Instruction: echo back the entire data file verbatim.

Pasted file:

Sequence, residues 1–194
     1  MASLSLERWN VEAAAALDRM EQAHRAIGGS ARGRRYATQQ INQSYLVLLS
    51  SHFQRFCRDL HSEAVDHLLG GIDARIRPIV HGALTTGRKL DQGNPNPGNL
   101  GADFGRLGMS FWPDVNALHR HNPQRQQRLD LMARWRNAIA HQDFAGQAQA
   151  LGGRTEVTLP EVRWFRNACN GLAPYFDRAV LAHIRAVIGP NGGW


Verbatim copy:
Sequence, residues 1–194
     1  MASLSLERWN VEAAAALDRM EQAHRAIGGS ARGRRYATQQ INQSYLVLLS
    51  SHFQRFCRDL HSEAVDHLLG GIDARIRPIV HGALTTGRKL DQGNPNPGNL
   101  GADFGRLGMS FWPDVNALHR HNPQRQQRLD LMARWRNAIA HQDFAGQAQA
   151  LGGRTEVTLP EVRWFRNACN GLAPYFDRAV LAHIRAVIGP NGGW